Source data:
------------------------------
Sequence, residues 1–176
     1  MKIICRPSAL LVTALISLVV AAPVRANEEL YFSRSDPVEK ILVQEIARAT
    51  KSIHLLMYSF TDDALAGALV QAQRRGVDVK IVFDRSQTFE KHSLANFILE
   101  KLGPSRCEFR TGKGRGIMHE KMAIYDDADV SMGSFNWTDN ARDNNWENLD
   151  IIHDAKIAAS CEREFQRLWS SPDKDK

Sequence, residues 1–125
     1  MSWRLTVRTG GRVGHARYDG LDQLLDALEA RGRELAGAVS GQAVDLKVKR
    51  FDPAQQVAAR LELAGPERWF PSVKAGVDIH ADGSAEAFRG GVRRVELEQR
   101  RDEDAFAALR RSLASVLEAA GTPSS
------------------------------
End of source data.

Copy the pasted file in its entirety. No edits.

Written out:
Sequence, residues 1–176
     1  MKIICRPSAL LVTALISLVV AAPVRANEEL YFSRSDPVEK ILVQEIARAT
    51  KSIHLLMYSF TDDALAGALV QAQRRGVDVK IVFDRSQTFE KHSLANFILE
   101  KLGPSRCEFR TGKGRGIMHE KMAIYDDADV SMGSFNWTDN ARDNNWENLD
   151  IIHDAKIAAS CEREFQRLWS SPDKDK

Sequence, residues 1–125
     1  MSWRLTVRTG GRVGHARYDG LDQLLDALEA RGRELAGAVS GQAVDLKVKR
    51  FDPAQQVAAR LELAGPERWF PSVKAGVDIH ADGSAEAFRG GVRRVELEQR
   101  RDEDAFAALR RSLASVLEAA GTPSS